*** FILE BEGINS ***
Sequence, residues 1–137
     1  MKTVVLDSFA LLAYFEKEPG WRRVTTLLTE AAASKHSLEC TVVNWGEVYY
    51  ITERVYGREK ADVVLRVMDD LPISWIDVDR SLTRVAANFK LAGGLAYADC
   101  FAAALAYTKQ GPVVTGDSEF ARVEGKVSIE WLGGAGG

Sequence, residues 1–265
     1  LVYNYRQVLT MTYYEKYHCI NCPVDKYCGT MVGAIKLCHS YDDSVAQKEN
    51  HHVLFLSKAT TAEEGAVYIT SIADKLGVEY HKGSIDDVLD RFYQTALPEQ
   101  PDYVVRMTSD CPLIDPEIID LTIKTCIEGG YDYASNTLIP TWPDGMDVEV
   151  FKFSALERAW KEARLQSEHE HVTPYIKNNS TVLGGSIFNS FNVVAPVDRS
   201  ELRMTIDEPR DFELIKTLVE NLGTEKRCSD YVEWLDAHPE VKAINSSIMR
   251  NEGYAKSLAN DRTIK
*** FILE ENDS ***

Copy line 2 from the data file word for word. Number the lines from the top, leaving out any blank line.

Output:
     1  MKTVVLDSFA LLAYFEKEPG WRRVTTLLTE AAASKHSLEC TVVNWGEVYY